A canoe for humankind

Excitement builds for newly imagined watercraft museum

T&C Eye Candy / Photo courtesy of The Canadian Canoe Museum / Canoe by Mi'kmaq artisan Todd Labrador and family

This post is the result of an arms length collaboration with The Canadian Canoe Museum.


By Kim Gray

If you’re a canoe lover living in Canada, you might agree that one of the most exciting developments in our country’s travel landscape is taking place right now in Peterborough, Ontario.

The Canadian Canoe Museum has begun to initiate a move of its legendary collection from the institution’s current land-locked location to its much anticipated new digs, which are under construction across town on the shores of Little Lake and slated to open in 2024.

But there will be fresh additions to this most Canadian of cultural establishments, originally founded in 1997 and home to roughly 600 storied canoes, kayaks and paddled watercraft. Commissions have been put in place to further enrich the museum’s collection, one of which is the 21-foot-long ocean faring birchbark canoe pictured above.

Built last summer on location in Nova Scotia’s Kejimkujik National Park by Mi’kmaq artisan Todd Labrador (with help from his daughter Melissa and extended family), the vessel was created with a unique rise in its middle — a defence against turbulent ocean waters — and it features detailed, labour-intensive spruce root stitching.

“If you’re not a patient person,” Labrador tells me with a good-natured laugh, “then don’t build birchbark canoes.”

The artisan, whose great-grandfather, Joseph Jeremy, was a master birchbark canoe maker, says he senses the presence of his ancestors when he’s working on his craft.

“When I’m in the forest, harvesting bark or gathering roots, they’re always around,” he says. “This is something that runs deep in my family’s blood, on both sides. I don’t do this for money. It’s what I dream when I go to sleep at night.”

Museum curator Jeremy Ward says one of the operation’s new exhibit zones will spotlight contemporary canoe and kayak hull design and construction techniques.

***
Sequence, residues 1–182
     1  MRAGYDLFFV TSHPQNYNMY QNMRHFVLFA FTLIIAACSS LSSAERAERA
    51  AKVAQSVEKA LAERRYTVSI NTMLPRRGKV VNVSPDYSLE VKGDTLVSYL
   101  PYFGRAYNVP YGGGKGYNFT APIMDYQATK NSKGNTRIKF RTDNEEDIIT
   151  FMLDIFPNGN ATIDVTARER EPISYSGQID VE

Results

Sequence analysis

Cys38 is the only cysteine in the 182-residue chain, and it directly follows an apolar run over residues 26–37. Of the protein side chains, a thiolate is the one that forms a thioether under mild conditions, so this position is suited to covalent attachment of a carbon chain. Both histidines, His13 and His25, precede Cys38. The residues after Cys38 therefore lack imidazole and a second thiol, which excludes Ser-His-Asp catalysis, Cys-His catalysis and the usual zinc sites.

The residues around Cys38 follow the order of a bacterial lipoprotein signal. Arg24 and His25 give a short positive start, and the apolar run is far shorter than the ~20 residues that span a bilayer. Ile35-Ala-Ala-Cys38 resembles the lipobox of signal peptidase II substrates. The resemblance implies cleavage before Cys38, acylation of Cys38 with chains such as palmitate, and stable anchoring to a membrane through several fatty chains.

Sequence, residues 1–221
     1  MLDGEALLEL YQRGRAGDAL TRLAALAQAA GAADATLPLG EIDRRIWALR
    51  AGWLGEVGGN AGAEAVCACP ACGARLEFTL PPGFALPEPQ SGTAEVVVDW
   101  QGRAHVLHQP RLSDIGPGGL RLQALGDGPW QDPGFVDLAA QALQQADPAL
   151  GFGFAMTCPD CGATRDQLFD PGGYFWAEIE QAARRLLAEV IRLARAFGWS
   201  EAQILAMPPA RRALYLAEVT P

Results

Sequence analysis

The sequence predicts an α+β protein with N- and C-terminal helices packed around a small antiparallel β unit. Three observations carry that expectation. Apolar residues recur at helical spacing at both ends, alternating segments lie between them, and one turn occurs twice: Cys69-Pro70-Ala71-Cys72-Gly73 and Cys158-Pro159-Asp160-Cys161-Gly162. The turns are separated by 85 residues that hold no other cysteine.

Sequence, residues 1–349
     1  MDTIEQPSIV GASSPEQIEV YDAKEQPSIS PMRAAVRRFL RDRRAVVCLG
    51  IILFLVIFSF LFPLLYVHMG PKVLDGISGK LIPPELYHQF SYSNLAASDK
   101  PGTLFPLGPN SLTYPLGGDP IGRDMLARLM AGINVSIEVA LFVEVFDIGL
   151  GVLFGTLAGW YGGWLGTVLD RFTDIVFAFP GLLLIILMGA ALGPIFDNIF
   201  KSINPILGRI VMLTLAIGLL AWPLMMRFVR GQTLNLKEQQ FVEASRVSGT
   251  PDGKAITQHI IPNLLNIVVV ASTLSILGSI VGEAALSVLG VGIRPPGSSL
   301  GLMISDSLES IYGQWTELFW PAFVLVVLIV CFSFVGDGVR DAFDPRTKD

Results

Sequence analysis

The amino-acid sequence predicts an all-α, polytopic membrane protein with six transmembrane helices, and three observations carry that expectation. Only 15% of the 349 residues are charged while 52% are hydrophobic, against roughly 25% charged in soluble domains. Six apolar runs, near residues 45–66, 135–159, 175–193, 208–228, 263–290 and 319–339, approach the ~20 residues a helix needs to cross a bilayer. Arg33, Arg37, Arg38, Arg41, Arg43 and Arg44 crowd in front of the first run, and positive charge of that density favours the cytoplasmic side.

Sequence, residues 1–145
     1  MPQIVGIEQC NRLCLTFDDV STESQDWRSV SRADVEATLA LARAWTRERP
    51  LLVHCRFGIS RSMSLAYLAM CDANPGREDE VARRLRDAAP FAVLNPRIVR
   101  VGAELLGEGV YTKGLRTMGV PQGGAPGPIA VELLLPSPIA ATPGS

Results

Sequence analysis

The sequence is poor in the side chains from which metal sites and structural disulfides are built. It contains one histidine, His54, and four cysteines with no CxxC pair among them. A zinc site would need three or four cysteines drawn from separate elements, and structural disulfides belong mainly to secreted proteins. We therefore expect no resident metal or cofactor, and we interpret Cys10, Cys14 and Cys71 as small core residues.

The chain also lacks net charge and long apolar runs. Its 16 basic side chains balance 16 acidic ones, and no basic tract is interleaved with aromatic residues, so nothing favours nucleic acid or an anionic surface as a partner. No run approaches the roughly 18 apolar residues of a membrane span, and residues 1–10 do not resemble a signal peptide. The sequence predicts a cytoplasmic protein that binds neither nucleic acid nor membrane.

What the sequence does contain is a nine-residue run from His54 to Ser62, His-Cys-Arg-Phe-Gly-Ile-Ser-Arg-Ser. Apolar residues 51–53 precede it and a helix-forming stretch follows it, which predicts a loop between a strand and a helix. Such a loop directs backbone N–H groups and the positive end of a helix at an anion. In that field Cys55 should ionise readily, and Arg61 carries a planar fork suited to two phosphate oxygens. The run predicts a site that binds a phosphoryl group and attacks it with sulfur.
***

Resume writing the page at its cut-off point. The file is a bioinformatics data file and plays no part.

“Todd was a perfect choice to bring into this exploration,” says Ward, adding that Labrador’s canoe will be featured alongside the work of other “outstanding makers today, craftspeople whose method is informed by tradition but often reflects innovations of their own.”

Located on the Traditional Territory of the Williams Treaties First Nations, the ambitious new 65,000-square-foot Canadian Canoe Museum will be much more than “just a facility,” according to executive director Carolyn Hyslop.

“From its foundation upwards, this will be a living home — for our collection and the stories that go with it, for collaborations and for relationships of all kinds,” says Hyslop of what essentially will be a five-acre, waterfront canoe campus with indoor and outdoor features. “It will be a space with a big heart that belongs to everyone.”

Meanwhile, Labrador hopes that his canoe, which features etchings of his family’s handprints, will be a point of pride — and even a symbol of peace —  for his grandchildren, the Mi’kmaq Nation, Canadians and the world.

“When you make a birchbark canoe, you often use bark from different trees. Like people, bark comes in different colours,” he says. “I like to think that if humankind joined together we could become, like a canoe, strong and beautiful.”


Melissa and Todd Labrador with Jeremy Ward and Carolyn Hyslop / Photo courtesy of The Canadian Canoe Museum



Editor’s note: If you’re interested in learning more about The Canadian Canoe Museum’s new home, we encourage you to give Roy MacGregor’s comprehensive Globe & Mail story a read.

Toque & Canoe is an award-winning digital platform featuring stories about travel culture in Canada and beyond. Follow us on TwitterInstagram and Facebook

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